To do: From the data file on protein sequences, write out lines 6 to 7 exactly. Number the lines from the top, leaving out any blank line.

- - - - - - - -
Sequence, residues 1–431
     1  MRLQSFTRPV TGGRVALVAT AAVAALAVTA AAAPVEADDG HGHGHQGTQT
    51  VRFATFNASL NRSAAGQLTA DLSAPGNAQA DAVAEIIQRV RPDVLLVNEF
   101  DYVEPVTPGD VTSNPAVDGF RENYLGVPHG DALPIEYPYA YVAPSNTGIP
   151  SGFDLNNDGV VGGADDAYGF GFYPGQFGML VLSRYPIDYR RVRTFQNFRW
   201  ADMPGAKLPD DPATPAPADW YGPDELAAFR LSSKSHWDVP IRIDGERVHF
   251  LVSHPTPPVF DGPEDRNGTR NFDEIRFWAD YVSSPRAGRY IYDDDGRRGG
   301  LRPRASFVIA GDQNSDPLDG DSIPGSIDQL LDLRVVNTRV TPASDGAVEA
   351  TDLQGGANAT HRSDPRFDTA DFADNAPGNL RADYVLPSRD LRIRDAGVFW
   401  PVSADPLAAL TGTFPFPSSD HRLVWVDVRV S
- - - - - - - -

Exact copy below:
   201  ADMPGAKLPD DPATPAPADW YGPDELAAFR LSSKSHWDVP IRIDGERVHF
   251  LVSHPTPPVF DGPEDRNGTR NFDEIRFWAD YVSSPRAGRY IYDDDGRRGG